Secondly, before setting out to put a volume together, we should know the poetry tradition in which we have chosen to write. Reading through the various volumes by the same author in contemporary Nigerian poetry, mostly among the younger generation, is quite revealing! She uses different traditions for as many volumes she publishes, sometimes even within the same book! Though, it is quite tempting to want to name the various authors and titles that fall under this adventurous tradition, it will be of better benefit to us if we could show, very quickly, how this characteristic has become a purple-patch in the failings of our current poetry. Poetic traditions may refer to the poet’s style of writing as related to the various movements in poetry. For instance, William Wordsworth’s Romantic age characterized by lyricism in the creative and imaginative use of the free verse, against the traditional patterns of the Edwardian and Elizabethan periods. Or more relatively, late Christopher Okigbo’s gradual metamorphosis form the influences of Ezra Pound and T.S. Eliot’s tradition of poetry writing to the niche of his own voice as evidenced in his ‘Path of Thunder’. Other established poets, such as Wole Soyinka and Gabriel Okara, with their “self-conscious search for techniques from native traditions as a means of extending and authenticating their sensibility,” (Senanu & Vincent, Selection of African Poetry), have also carved their niche in their generation’s poetic tradition.

Reading through contemporary collections these days usually take one far back to the poetic traditions of the pioneer Dennis Osadebay, bring you down to the transitional Gabriel Okara, jack you up to the modernist Soyinka, and like a thunderbolt without lightning, you are thrown back to the contemporary Osundare, and the younger Lasisis. Perhaps, it may be high time we had another phase for the present peculiar poetic tradition- Anything Can Happen Phase, or more modestly, the Hybrid Phase. Could this be the reason why our literary critics don’t fond the current Nigerian poetry very comfortable or inviting, including the readers? What tradition of poetry are you carving your niche from? I think I just might know where I belong. Where do you belong?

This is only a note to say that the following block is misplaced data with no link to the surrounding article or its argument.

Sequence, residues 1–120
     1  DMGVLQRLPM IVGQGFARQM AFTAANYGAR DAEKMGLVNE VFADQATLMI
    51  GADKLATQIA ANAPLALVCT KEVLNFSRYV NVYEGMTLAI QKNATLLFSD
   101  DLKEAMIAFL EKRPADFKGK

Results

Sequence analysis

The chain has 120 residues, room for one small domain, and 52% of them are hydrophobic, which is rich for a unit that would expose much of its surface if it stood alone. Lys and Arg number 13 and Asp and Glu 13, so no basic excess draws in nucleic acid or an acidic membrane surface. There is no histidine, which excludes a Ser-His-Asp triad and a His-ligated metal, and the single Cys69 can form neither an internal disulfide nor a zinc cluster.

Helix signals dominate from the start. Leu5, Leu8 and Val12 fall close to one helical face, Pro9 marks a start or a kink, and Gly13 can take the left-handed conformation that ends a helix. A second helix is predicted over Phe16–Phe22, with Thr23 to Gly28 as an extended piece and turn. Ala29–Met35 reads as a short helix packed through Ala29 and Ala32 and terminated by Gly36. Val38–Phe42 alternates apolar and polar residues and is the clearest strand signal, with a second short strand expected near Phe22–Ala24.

Moreover, particularly for the younger generation that has been generally described as the “children of globalisation”, we should begin to explore the opportunities that abound on the World Wide Web. We cannot and must not be seen to be layback, when we have the literary world in our fingers! We should create websites or web pages for writing, and submit poems for possible publications in magazines, journals, reviews and anthologies. We can also have our poetry reviewed on various poetry reviews on-line, join poetry writing groups and participate in poetry contests. But BEWARE! As much as the Internet holds possibilities, we must be careful not to fall victims of the numerous poetry scams on-line! Many a writer, new and old, have fallen and are still falling into these scams. Unknowingly, they flaunt awards by such big scams as the International Library of Poetry, also known as the International Society of Poets (ISP) or simply, U.S.A; and Noble Publishers, U.K. Some Nigerian authors have even gone ahead to ‘strengthen’ their biographies with such things as ‘Nominee, Poet of the Year, by the ISP, U.S.A’; or ‘Outstanding Achievement in Poetry Award, ISP’. Many more will even tell you they have got their poetry recorded to songs in ‘The Sounds of Poetry’ by the same organisation. Sadly still, they do not know these are crests of opportunist amateur poets who are yet to be exposed in the literary world. Although, many of the author’s names are still quite fresh in memory, again, this will do no one any good.